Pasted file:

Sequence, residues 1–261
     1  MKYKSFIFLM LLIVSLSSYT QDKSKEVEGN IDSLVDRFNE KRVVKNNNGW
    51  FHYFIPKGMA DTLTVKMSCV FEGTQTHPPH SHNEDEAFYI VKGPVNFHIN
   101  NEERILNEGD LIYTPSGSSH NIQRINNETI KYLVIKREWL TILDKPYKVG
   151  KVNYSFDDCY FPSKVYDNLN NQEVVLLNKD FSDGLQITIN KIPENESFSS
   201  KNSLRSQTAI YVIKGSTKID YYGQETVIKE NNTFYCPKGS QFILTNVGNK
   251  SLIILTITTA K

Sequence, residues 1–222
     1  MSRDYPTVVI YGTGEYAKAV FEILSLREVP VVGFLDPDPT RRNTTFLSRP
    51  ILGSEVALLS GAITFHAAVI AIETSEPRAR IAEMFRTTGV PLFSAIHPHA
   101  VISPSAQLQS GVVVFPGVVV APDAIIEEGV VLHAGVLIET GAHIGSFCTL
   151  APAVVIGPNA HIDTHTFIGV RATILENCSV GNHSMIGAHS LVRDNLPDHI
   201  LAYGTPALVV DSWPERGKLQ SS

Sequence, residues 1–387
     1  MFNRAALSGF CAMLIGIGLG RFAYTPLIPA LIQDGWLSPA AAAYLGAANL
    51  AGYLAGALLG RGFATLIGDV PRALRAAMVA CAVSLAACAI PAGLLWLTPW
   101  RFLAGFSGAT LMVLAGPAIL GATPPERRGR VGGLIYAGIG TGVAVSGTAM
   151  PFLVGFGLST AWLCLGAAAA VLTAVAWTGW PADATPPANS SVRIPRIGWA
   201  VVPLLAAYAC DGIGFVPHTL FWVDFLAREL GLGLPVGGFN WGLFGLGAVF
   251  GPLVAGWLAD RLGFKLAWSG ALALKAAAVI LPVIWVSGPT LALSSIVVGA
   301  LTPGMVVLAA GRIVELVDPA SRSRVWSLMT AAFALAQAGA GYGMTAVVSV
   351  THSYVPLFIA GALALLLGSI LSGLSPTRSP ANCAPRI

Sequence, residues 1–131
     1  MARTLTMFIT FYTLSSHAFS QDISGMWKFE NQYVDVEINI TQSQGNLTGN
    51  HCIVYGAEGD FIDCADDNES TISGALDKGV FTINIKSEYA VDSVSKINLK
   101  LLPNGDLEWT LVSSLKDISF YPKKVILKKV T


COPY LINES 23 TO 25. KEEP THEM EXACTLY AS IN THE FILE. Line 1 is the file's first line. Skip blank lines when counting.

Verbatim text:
Sequence, residues 1–131
     1  MARTLTMFIT FYTLSSHAFS QDISGMWKFE NQYVDVEINI TQSQGNLTGN
    51  HCIVYGAEGD FIDCADDNES TISGALDKGV FTINIKSEYA VDSVSKINLK